specific vegetation management. For ongoing vegetation management of 
transmission lines already on the TVA system, TVA considers potential 
site-specific impacts in its NEPA reviews of transmission sector 
analyses, including impacts on identified sensitive areas. TVA divides 
its entire transmission system into discrete ``sectors'' and conducts

[[Page 7915]]

environmental analyses within specific sectors slated for vegetation 
maintenance each year. TVA anticipates that these sector area analyses 
would continue in the future, tiering off of the programmatic EIS when 
it is completed.

Public Participation

    The public is invited to submit comments on the scope of this EIS 
no later than the date identified in the ``Dates'' section of this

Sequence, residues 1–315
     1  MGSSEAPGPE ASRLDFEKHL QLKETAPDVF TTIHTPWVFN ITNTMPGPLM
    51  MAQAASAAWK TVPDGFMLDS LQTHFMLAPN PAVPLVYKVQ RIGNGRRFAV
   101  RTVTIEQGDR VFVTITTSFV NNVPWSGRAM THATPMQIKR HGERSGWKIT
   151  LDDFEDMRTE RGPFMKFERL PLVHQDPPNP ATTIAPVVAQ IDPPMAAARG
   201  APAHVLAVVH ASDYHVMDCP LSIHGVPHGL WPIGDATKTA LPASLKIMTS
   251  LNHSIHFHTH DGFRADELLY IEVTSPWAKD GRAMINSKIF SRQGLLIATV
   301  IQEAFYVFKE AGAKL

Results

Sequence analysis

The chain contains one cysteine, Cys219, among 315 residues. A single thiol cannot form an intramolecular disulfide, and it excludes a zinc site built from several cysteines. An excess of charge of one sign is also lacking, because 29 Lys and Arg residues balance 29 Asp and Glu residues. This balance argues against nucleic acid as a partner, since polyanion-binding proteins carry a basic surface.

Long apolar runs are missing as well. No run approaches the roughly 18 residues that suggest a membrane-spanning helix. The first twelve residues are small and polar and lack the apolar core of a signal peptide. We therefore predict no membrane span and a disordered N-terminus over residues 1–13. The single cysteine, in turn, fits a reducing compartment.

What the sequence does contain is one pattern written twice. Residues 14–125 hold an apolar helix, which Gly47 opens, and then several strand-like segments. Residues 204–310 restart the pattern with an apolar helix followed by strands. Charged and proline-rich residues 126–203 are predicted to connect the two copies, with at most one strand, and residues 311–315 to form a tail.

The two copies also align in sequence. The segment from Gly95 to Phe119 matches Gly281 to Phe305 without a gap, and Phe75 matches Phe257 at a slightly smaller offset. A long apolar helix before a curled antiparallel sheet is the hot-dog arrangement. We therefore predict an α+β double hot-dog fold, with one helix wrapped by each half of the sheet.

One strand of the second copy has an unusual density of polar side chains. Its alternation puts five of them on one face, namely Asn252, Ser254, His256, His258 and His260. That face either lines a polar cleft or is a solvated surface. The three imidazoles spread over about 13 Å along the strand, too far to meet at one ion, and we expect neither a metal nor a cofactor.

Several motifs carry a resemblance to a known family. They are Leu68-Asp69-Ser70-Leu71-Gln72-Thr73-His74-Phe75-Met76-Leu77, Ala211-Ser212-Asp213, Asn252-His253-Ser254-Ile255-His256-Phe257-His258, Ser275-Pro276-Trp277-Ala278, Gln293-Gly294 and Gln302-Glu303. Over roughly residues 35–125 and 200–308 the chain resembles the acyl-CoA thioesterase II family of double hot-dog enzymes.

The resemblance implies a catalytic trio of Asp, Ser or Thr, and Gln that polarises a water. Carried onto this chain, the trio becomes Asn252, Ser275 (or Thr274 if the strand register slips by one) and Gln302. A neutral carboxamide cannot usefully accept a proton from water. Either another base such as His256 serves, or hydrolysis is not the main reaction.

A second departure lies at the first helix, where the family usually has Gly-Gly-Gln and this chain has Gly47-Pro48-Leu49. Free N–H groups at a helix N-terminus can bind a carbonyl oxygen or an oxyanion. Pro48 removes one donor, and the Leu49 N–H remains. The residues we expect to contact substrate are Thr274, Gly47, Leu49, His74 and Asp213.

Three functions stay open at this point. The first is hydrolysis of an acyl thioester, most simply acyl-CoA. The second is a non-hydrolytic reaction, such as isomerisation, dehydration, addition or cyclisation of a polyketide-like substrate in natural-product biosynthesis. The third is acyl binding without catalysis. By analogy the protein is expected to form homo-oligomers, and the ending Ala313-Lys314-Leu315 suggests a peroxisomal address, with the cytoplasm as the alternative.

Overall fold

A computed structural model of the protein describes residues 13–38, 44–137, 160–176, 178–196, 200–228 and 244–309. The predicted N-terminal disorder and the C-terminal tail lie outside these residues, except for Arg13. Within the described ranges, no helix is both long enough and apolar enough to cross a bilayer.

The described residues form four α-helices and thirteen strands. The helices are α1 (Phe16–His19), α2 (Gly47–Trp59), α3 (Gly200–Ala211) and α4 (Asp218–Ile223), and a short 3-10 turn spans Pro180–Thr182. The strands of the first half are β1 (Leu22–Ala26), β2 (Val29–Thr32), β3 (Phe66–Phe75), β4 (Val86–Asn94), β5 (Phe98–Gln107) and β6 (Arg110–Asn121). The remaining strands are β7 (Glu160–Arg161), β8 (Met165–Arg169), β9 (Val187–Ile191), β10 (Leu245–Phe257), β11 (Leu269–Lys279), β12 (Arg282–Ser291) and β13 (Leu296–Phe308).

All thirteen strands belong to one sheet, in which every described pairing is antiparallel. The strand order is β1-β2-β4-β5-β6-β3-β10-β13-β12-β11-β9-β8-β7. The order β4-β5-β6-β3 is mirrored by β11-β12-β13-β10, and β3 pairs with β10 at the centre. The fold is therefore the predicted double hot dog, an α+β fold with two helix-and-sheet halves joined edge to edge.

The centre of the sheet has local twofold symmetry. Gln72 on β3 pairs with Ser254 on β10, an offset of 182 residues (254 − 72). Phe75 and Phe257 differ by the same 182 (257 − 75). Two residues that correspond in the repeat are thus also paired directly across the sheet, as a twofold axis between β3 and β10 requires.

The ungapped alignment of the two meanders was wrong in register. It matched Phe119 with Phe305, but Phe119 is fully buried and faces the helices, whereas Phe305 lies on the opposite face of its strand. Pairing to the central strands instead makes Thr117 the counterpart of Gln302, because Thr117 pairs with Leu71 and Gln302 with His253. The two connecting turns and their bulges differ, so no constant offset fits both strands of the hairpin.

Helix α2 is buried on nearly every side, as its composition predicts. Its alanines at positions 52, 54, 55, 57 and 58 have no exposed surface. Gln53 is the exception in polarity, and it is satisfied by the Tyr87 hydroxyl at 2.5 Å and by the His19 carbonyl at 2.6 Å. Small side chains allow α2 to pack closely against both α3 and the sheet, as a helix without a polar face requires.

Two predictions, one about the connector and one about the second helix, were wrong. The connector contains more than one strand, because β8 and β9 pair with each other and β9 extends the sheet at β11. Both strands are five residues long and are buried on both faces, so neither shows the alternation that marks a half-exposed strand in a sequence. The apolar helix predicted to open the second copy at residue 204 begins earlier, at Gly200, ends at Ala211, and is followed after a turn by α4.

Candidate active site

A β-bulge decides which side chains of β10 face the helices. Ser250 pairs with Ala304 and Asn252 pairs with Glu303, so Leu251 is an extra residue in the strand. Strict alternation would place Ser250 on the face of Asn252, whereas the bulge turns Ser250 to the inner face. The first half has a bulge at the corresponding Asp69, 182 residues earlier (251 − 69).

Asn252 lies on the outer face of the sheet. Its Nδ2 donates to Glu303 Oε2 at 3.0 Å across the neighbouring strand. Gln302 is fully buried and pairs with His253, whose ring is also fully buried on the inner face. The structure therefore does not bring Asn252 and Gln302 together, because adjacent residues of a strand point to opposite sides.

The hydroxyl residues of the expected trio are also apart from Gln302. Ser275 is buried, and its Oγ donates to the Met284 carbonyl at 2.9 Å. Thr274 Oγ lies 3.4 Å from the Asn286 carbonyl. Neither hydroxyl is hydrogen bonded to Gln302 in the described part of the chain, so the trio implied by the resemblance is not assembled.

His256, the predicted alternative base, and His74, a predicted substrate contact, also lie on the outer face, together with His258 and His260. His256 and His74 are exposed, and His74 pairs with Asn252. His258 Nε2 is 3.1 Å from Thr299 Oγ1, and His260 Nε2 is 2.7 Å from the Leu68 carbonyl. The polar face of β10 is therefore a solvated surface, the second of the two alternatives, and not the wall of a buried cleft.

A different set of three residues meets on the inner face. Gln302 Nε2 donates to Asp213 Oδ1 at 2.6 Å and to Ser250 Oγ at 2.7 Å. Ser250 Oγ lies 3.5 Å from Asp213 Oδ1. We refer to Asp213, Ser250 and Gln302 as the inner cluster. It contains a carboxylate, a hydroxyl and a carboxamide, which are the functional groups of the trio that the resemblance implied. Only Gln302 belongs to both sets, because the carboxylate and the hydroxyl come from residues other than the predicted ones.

notice. After TVA prepares a draft of the EIS, TVA will release it for 
public comment. TVA anticipates holding public meetings at various 
locations throughout TVA's seven-state service area after release of 
the draft EIS. Meeting details will be posted on TVA's Web site at 
tva.gov/nepa.

    Dated: January 13, 2017.
M. Susan Smelley,
Director, Environmental Permitting & Compliance.
[FR Doc. 2017-01448 Filed 1-19-17; 8:45 am]
 BILLING CODE 8120-08-P